LAMPETER. TRINITY COLLEGE OF MUSIC.-Miss Edith Jones, Up- lands Miss Sarah Davies, Mill and Master J. T. Richards, Ardwyn, have passed an examination in music held by the Trinity College of Music at the Aberystwyth centre. A FALL.—Two boys of four and six years of age, the sons of Mrs Evans, Market-street, were playing on the Bryn, where houses are in course of construction, when one of them fell into a smtll pond of water made to sup- ply water for the builders. The younger boy of four years fell into the pond followed by his brother in at- tempting to rescue him. An alarm was raised and the lads were taken out by Mr W. Jones, Market-street, and Mr David Oliver, Greenfield, and taken to Dr Evans, where they were attended to and afterward taken home. COUNTY COURT, WEDNESDAY, JUNE 14TH.-Before his Honour Judge Bishop. Though several important cases were entered for trial, his Honour did not take his seat until after the clock had struck twelve. At other courts undefended cases are taken in another room, but at Lampeter it is customary to hear those cases before the Judge is called in. On Wednesday the undefended cases were disposed of about a quarter to twelve. The summonses are made returnable at ten o'clock. Davies v. Mor qan.-Walter Davies, draper, Lampeter, sued Lloyd Morgan, Bryn, Cwmaman, for the value of a suit of clothes. The defendant had obtained a new trial at the previous Court. Mr Arthur Hughes, Aberystwyth, appeared for the plaintiff who, giving evidence, said the defendant with his brother went into his shop and his (plaintiff's) assistant consulted him about giving credit.— David Nun Davies, the assistant, said he served the defendant in 1891. Defendant said he was never in the shop and afterward that he did not re- member being in the shop. When he went to service for the first time (for which it was alleged he got the suit) his father got him a suit from the tailor at Pumpsaint —The Judge said the difficulty in his mind was caused by the fact that a boy of thirteen went to the shop in company with his brother and that the father's name was entered in the book as well as defendant's.—Mr Hughes pointed out that that was a common custom in the country.—The Judge, after a lengthy hearing, said the defendant must pay.—Defendant, however, said he would never pay, whereupon his Honour remarked that he would have to be dealt with in the process applicable to persons who would not pay. Jones v. Jon/'s.—John Jones, Caermalwasfach, Rhyd. cwrnerau, sued Eleanor Jones, Gibraltar, Llanio Road, for X2 2s, the value of a bridle and saddle.—Mr Watkins, Lampeter,appeared for the plaintiff who stated that he sold defendant a horse and lent her a saddle and bridle to take the horse home and it had never been returned.— Defendant admitted having bought the mare at ATI, but said it was a man's saddle and that David Davies, butcher, Capel Bettws, took the saddle and bridle. She went home by train and Davies rode the mare home and de- livered it to her the following morning, In the course of furtherlhearing, defendant said she would have returned the saddle, but the mare was kicking. She afterward said that she went for the mare the following morning when there was some old rag of a thing on her. (Laughter). Defendant produced a very dilapidated saddle and said she had it at Davies's house, but Mr Watkins said it was nothing like that twelve months ago. On being asked why she had not returned it before the summons was issued, she complained of having had such a kicky animal."—The Judge did not believe the saddle was worth £ 2 2s twelve months ago even if the rats had been at it since. He therefore gave judgment for 30s, saying that no doubt she borrowed it and did not return it or get it returned when asked for it. A.dmi,ti8tratilJn.-Sall1uel Davies .Tones, the Emporium, Lampeter, a creditor of William Thomas, deceased, to the extent of £25 IUs, applied to have the estate administered. Mr W. Hughes Jones, Aberystwyth, appeared for the plaintiff and Mr W. Davies (Messrs Smith and Davies) for the estate.-The Judge made an order for administra- tion. Davies v. Thomas and Another.—Shortly before two o'clock, Mr Hughes said there were two actions to come before the Court arising out of the long-pending dispute with reference to right of way at Llangybi. Mr Howell consented to adjournment of the two matters and asked his Honour to fix a day outside the Court fixture. He had been at Lampeter four times over the case.—The Judge said it would be forty times if it went on in that way. It was adjourned for the parties to settle it in the only possible way. One party at the last Court. said he had done all he possible could, but that the other had not done so. The parties should go to Quarter Sessions and get the path diverted. He should not fix a special day but if he liked he would adjourn it.—The Registrar asked if the case was to come on first at the next Court and his Honour replied in the negative.—Mr Hughes explained that it really amounted to a miscarriage of justice.—The Judge said it might he, but he could not hllp it if the parties chose to adjourn at two o'clock in the afternoon. —Mr Hughes said he would take what he could get and the cases were adjourned. Interpleader.—Thomas Davies Evans, 22, Berry-square, Dowlais, claimant Thomas Jones, auctioneer, 'New- court, execution creditor and Thomas Evans, Blaen- pant, Pencarreg, debtor. The case was tried with a jury. Mr Frank Lloyd, Lampeter, appeared for the claimant and Mr Arthur Hughes for the execution creditor.Ilx Lloyd, opening the case, said the original judgment was obtained as far back as February, 1897, for e:3 IDs Jd. On the 2211d of May of the same year, execution was issued against Thomas Evans. There were not sufficient g03ds to realise the amount due to the landlord and therefore the execution creditor got nothing. A second execution was.made on the lith February last and it was in respect of that second execution that the dispute arose. Mr Lloyd proceeded to say that the house was broken into and the goods taken and because of that £ 5 was claimed.—The Registrar said that sale was proceeded with because there was no deposit made.—The claimant was called and said all the furniture at Blaenpant be- longed to him. A chest of drawers, oak linen press, small round table, and a dresser had been taken away, but his ;ister bid for it and got it hack. His grandfather gave him the things atrhis death.-ilir Hughes at this point abjected to his client being made responsible for the acts of the High Bailiff in breaking into the house and seiz- ing the goods when he acted without instructions to that effect by the execution creditor and the Judge concurred, saying he would try the ownership of the goods as con- cerning the execution creditor and then try the case as against the High Bailiff.—In reply to Mr Hughes, claimant said he was now twenty-two years of age. His grandfather died about seven years ago. All he said was Keep the furniture." It was then at Pleasant Hill with his uncle and aunt. He was then living with his father- in-law, Thomas Evans. His mother took the furniture from Pleasant Hill. Last November took Blaenpant. The furniture had been in his father and mother's house for the past six years and he had never asked them to pay anything for them. He had been away for some L years.—Margaret Evans, claimant's mother, said she re- sided at Blaenpant and everything she had belonged to her son, Thomas Davies Evans. The bailiff took a cup- board, half drawers, linen press, a little round table, and dresser. There was also a fork and a shovel belonging to the landlord. The bailiff burst the door open. Her son had the furniture. She valued the goods at £4 10s or £ 5. The goods were bought at the distress sale by l'homas Jones's servant. He told her so himself. If she had bolted the door, could she not do what she liked with her own house ?—Asked if she did not expect visitors, she said that John Herbert told her about four or five in the morning he was coming. He only came on the door step md told her that he had a paper to sell the goods if she did not pay £ 2 14s. She asked him if he would not come into the house, but he declined as it was raining. [Laughter.)—Asked if Herbert and the furniture were not jld friends, he having levied before, she said levy had been made twice in ten years against her husband. Mr Tones was not there at the time of the levy. The bailiff, when he came to levy, asked her to open the door, but ihe refused to do it —Mr Hughes Will you be satisfied f I let you have the lot for £ 1?—Witness They were father's and mother's before they were married.—Mr Hughes: Will you give a sovereign for them?—Witness: [ cannot say without my lawyer.—Mr Hughes What do rou say, Mr Lloyd ?—Mr Lloyd I won't give. 11 for them. Laughter.)—Benjamin Davies, Blaencarrog, the land- ord, said he let the house to Thomas Davies Evans, who vent into it in December. The rent was X4, o be paid as he asked for it. He was told by drs Evans and others that John Herbert had been there ind though the year had still some threejquarters to run, ie sent a notice to the High liailiff saying there was t4 'ent due —Thomas Evans, the defendant, said the goods )elonged to his stepson.—Cross-examined John Herbert lad visited him many times, but had never levied upon I hose goods.—For the defence, Mr Hughes called John Herbert, who said he had been bailiff for nearly twelve rears and had been several times at Evans's house. Hp had levied on those goods before and sometimes Evans had paid. Until now he never said the goods now claimed did not belong to him. He levied properly and left the warrant at the house, but when he returned found the door locked. Had no special instructions from Thomas Jones but levied on the warrant obtained from the Court. -By Mr Lloyd The goods were worth about X3 and were sold for 12s 8d.-The Registrar said that money had been paid into Court.-The- Judge said the question for the jury was To whom did the goods belong ?" Claimant said his grandfather gave the furniture to him, but there should be some will or something giving it to him. His mother took the furniture and had possession of them ever since. The claimant never had possession of the furniture. Dealing w'th the landlord's claim, his Honour observed that theilandlord claimed £ 4, though £ 4 rent was not due, and a receipt for 10s rent was put in to show that the son was tenant. It seemed that an at- tempt was made to make out a case in favour of the son to prevent the goods being taken. As to the case against the High Bailiff, if a claimant did not take the proper steps to prevent sale by paying the money and a bailiff, having once entered, was entitled to forcible re-entty if the door was shut against hint.-The jury (who consisted of Messrs D. Tivy Jones, Samuel Davies Mile End Joseph Price, Gwarcoed Daniel Davies, cabinet maker and D. W. Jones) at once found that the furniture did not belong to the claimant, and the Judge said that was an end to the whole action. Rowland v. Davieg.-The case was called on in which D. W. E. Rowland, Garth, was plaintiff, and Evan Davies, Wenallt, Llangeitho, defendant, the claim being 11 10s on an I.O.U. Mr William Davies (Messrs Smith and Davies, Aberystwyth) appeared for plaintiff and Mr W. Hughes Jones for the defendant.-The case had been heard at the previous Court and his Honour again ad- journed it to the next Court, it being understood that the matter would then be re-heard, there having been a change of advocates in the meantime. Davies v. Davies.-John Davies, Tynywern. Llancrwys, sued John Davies, Esgercrwys,' for X20 10s damages for trespass by sheep and ponies.—Mr F. Lloyd appeared for plaintiff. Defendant did not appear and was not repre- sented. A jury was called consisting of Messrs Joseph Price, Gwarcoed Thomas Rees Edwards, Castelltigar Samuel Davies, College-street; T. L. Davies, Northgate and D. Watkin Jones, North-road.—Mr Lloyd, opening the case, said the trespass was of an extensive and aggravating character, and extended over a period of two years. Plaintiff gave defendant notice that he could suffer it no longer and that he would keep an account of all trespasses. He did so and had made notes of eighty- one days on which trespass had been committed or a total of some 200 trespasses. The sheep trespassed in nocks numbering eleven to fifty-one.—Plaintiff gave de- tails of the trespasses from February to May and said the defendant refused to come to fence. At least £ 20 10s dam- age had been done.—The Jury found for the amount claimed and judgment was entered accordingly. Davies v. Joiwa.—Mary Davies, wife of John Davies Llwyncwrt Farm, Llancrwys, sued Walter Jones and Mary Jones, his wife, Bell and Yew, for an assault alleged to be committed by Mary Jones, 5s being claimed as damages.—Mr Watkins, representing Mr Arthur Hughes, who had been called away to London on an important case, applied for an adjournment but Mr F. Lloyd said his client had all her witnesses present and would not consent.—Plaintiff said she and defendant lived on different sides of the road. On the 24th May, the defendant said plaintiff's children had been reared on robbery. Plaintiff asked what she had stolen and defendant replied, You have stolen many things from us altogether." Asked her to name some «f them. De- fendant told her to come over the way and she went to- wards defendant's house. Defendant then called her names and wound up by throwing a bucketful of dirty water into her face.—In cross-examination by Mr Watkins, plaintiff explained that the row was caused through children, but phintiff denied that she had set her children on to annoy defendant. She did not call defendant dirty names nor impute improper conduct to her. She had not teld defendant that she (defendant) had caused children belonging to her husband by his first wife to leave the country.—Margaret Davies, Cwmhowell, said she saw plaintiff wringing wet with her hat on the road.—Cross-examined Heard plaintiff ask defendant to say what had been stolen and defendant asked plaintiff to go away. Knew thatfplaintiff was wet to the skin be- cause she saw her changing. (Laughter.) Did not hear de- fendant asking plaintiff to go away or she would get more, but was not prepared to deny that it was said. Both were in a temper. Heard that there had been a row previously about fowls, but could not say whether that had any- thing to do with the present dispute.—Mary Ann Davies, ten years of age. who gave her evidence in Welsh and told the Judge she did not speak English in school, said the defendant said "The gipsies are walking to-day again." Mary Jones threw dirty water over her mother. Examined Mary Jones said the education witness's mother was given was to teach her and her sister to steal She asked, Where are the shawls with you to-day Had net been annoying Mary Jones for three years. Mary Jones had been calling her names, but she (witness) was a nice little girl and had not called back.—Mary Ann Jones, servant at Llwyncwrt, said she had thrown a drop of (water over her (witness's) mistress.—This was plain- tiff's case.—For the defendant, Mr Watkins said the defendant had been annoyed tor the past three years.— Mary Jones, the defendant, admitted throwing a little drop of water over plaintiff, but she was disturbed and called every name while in her own house by plaintiff and her children for the past three years. Had never gone up to Llwyncwrt to annoy plaintiff. She begged plaintiff to go away and leave her alone. She did not call plaintiff names, but wanted peace. Asked plaintiff twice to go away as she (defendant) wanted to go on with her work. Plaintiff, however, remained about the house for half-an-hour.—Mr Watkins asked if plaintiff was dressed in silks and satins on the occasion and the Judge said it would have been a £20 job if it was so.—Elizabeth Evans, Plough, Lampeter, a smart young woman, demurred to speaking English when his Honour asked if it was a disgrace to speak English in Wales and afterward said that people seemed to be quite ashamed of speaking English.—Mr Watkins said they were afraid of making mistakes.—The Judge said they could speak English as well as Mr Watkins. (Laughter.) '—Finding that witness was only going to speak to provocation, the Judge said that no amount of provocation justified an assault.—Mr Watkins said he had other witnesses to speak to provocation, but would not call them under the circumstances.—Addressing the jury, he contended that the plaintiff had only had a little pre- mature washing.—The Judge said it was practically an undefended case. No doubt children and fowls were con- stant sources of rows among neighbours, but people must live and let live and not take the law into their own hands. The jury should ask themselves what ought to be the damages if one of their wives had had a bucket of water thrown into their faces when Mr Watkins said his Honour should put it the other way—what would the wives of the jury do if they were constantly annoyed for three years. The jury found that an assault had been committed by Mrs Jones and awarded £1 damages.—Mr Lloyd contended that judgment should be given against the husband as well as the wife, but his Honour said the jury had found that the wife had committed the assault and he would enter that verdict.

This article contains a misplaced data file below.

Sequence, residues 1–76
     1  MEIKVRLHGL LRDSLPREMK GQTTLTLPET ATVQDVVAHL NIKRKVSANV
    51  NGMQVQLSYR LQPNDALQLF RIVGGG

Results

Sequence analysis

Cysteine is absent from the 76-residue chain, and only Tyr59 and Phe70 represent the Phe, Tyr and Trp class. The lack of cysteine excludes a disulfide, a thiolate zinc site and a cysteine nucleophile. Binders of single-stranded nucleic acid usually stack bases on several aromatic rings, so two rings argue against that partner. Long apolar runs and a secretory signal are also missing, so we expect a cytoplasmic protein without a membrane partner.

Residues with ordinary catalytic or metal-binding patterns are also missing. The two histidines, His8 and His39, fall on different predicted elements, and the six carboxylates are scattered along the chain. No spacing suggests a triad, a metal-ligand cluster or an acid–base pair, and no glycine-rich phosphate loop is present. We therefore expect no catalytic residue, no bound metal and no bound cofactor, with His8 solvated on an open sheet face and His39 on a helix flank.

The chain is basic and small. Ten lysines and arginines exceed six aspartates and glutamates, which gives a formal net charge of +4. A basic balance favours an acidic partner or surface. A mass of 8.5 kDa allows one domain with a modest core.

PWLLHELI. FATAL ACCIDENT.—Mr John Owen, assistant in Mr Hugh Williams's drapery establishment, Shop Goch, was seized with cramp whilst bathing along with some com- panions on Friday afternoon last and was drowned. His companions did not notice anything the matter until, with the flight of time, they became a little anxious and found out too late what had happened. Deceased, who was only twenty-one years old. was a native of Dolgelley. An inquest was held by the coroner, Dr Hunter Hughes, when a verdict in accordance with the evidence was re- turned. The body was conveyed by four p.m. train on Saturday to Dolgelley for interment and was followed to the Station by a large concourse of people, and preceded by the Sunday School officers, teachers, and scholars from Salem Church, of which deceased was a regular member and attendant. OBITUARY.—Mrs Elizabeth Titterton, relict of Mr William Titterton of Portmadoc, and mother of Mr George Thomas Titterton, goods depot, Cambrian Rail- ways, Pwllheli, died in her 7:2nd year after a trying ill- ness at her daughter's residence, The Firs, Chipstead, Surrey, on June 2nd, in the presence of her sons, daughter, and a few friends. She was buried in the Chipstead Parish Churchyard on June 7th, IS!)!J. The Rev W. H. Woodnut, Wesleyan, of Reigate, and late of Carnarvon, officiated at the burial. This is an old Parish Church and was the very first occasion on which a Nonconformist minister had buried anyone there. Some of the simple-minded folk about were.astouisheci and quite concerned that such a thing should have hap- pened.